WASHINGTON — As voters grapple with the pandemic and with President Trump’s assertion — without evidence — that voting by mail is riddled with fraud, a new survey finds that about half of all registered voters believe it will be difficult to vote in November.
According to a new survey from the Pew Research Center, 50 percent of registered voters say they think it will be easy to vote and 49 percent say it will be difficult.
A Pew Research Center Survey ahead of the 2018 midterm elections asked the same question and just 15 percent anticipated that it would be difficult to cast their ballot.
Presumptive Democratic nominee Joe Biden’s supporters are more pessimistic than President Trump’s when it comes to the ease of voting. Sixty percent of voters who say they are supporting Biden believe it will be difficult to vote, while just 35 percent of Trump voters say the same.
Black voters are particularly unlikely to believe it will be “easy” to vote.
The survey comes as concern grows over mail delays resulting from the newly-installed Postmaster General’s implementation of what he calls cost-cutting measures, which voting advocates worry will gum up the processing of absentee ballots. President Trump said Thursday morning that the Post Office would need millions in emergency funds — which he is blocking — in order to manage “universal mail-in voting.”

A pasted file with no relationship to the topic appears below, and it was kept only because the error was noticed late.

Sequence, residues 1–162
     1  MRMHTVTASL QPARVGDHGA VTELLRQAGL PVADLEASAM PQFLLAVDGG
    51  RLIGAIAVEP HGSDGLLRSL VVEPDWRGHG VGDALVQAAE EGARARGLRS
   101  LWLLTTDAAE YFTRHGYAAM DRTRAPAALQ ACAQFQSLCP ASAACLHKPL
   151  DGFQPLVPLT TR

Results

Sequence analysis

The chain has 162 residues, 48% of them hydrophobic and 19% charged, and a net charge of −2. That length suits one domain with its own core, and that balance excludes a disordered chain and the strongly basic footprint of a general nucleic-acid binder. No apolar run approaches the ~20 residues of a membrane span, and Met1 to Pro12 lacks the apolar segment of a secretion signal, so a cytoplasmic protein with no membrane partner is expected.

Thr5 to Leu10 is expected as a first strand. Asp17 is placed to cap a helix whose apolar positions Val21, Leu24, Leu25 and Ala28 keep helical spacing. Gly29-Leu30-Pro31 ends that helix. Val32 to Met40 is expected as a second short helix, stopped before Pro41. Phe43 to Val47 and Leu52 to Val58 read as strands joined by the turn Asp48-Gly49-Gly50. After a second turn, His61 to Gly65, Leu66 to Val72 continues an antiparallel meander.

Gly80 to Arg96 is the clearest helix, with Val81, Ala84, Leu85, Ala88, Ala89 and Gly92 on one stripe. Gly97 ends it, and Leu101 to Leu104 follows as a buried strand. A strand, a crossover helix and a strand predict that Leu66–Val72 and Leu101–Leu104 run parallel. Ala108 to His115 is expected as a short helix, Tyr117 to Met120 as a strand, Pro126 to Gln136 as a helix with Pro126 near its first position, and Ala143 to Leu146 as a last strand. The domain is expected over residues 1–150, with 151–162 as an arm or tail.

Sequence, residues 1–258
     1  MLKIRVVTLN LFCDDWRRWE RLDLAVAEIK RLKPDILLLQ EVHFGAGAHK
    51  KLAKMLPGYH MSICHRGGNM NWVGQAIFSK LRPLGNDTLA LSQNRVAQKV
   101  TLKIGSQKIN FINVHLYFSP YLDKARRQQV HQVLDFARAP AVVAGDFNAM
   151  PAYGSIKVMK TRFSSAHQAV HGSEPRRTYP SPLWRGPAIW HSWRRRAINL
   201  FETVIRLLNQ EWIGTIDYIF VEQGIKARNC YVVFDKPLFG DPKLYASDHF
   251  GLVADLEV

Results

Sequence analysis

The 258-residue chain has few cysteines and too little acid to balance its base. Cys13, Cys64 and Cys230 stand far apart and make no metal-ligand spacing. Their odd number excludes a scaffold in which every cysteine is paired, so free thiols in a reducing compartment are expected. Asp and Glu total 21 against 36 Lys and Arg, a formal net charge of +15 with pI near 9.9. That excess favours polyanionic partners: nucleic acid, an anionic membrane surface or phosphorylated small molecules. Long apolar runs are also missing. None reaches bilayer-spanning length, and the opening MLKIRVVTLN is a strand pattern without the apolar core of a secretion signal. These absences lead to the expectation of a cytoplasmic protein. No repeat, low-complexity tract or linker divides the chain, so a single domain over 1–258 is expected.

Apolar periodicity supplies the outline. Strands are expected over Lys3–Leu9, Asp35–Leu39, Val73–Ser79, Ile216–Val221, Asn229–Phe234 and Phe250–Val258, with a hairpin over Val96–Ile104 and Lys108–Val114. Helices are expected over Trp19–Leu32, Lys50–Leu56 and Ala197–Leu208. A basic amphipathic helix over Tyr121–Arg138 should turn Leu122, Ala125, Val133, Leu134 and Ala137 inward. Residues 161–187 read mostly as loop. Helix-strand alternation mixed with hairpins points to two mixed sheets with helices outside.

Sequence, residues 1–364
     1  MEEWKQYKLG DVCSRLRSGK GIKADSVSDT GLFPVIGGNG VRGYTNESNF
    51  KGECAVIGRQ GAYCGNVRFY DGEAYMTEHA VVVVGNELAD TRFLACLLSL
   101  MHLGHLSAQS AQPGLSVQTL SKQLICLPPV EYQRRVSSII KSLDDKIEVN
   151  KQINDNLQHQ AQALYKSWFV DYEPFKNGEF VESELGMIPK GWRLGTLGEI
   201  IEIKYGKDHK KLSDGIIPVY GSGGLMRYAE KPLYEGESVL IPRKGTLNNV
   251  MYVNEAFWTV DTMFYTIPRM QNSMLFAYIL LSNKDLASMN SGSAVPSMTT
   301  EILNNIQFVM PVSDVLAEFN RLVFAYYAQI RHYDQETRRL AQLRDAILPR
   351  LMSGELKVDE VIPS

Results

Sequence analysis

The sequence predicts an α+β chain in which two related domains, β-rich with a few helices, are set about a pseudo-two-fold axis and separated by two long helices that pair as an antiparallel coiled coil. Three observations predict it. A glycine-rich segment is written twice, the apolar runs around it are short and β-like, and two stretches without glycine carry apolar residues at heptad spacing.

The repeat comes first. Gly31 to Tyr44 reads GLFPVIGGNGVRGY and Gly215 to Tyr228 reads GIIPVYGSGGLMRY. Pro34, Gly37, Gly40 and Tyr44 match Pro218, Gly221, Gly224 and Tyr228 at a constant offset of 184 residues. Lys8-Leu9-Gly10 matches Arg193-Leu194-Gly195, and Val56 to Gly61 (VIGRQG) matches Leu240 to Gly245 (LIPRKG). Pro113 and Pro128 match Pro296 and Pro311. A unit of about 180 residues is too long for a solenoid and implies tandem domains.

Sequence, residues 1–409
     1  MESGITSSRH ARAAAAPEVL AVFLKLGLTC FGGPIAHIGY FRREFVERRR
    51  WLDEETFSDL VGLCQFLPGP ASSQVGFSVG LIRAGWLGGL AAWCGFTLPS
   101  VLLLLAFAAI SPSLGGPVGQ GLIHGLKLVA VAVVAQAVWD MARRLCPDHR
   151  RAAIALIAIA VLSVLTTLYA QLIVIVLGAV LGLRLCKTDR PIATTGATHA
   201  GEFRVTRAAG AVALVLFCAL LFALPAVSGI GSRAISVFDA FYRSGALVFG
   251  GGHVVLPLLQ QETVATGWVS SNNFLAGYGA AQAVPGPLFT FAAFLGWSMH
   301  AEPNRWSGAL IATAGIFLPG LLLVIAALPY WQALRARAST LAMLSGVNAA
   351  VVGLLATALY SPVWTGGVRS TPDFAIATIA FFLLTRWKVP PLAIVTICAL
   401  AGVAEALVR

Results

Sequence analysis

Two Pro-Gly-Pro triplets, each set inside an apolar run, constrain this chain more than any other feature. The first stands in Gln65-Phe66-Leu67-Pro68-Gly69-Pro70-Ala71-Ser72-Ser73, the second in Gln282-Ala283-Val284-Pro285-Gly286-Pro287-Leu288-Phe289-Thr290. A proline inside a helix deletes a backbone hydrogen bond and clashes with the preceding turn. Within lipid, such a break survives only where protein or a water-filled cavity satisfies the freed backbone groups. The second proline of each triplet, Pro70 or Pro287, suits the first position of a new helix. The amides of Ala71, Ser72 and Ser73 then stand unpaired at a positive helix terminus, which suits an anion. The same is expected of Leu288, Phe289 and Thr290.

The poll also finds a partisan split in how Trump and Biden voters prefer to cast their ballots.
Most voters who support Trump — 80 percent — want to vote in person, either on Election Day (60 percent) or early in-person voting (20 percent.)
But a majority of Biden voters — 58 percent — say their preference is to vote by mail.
That same feeling was found in the latest NBC|SurveyMonkey Weekly Tracking Poll. In that poll, 55 percent of adults said they are very or somewhat likely to vote by mail in November.
And in the NBC|SurveyMonkey poll, 55 percent of American adults want to allow all Americans to vote by mail in the fall, and 55 percent of adults say they’re very or somewhat likely to mail-in their vote in November. But just 33 percent of Republicans and Republican-leaners said they were somewhat or very likely to vote by mail, and 79 percent of Democrats and Democratic-leaners said were likely to cast their ballot by mail.
The Pew poll also measured a head-to-head matchup between Trump and Biden, finding the Democratic candidate leading the incumbent by eight points, 53 percent to 45 percent.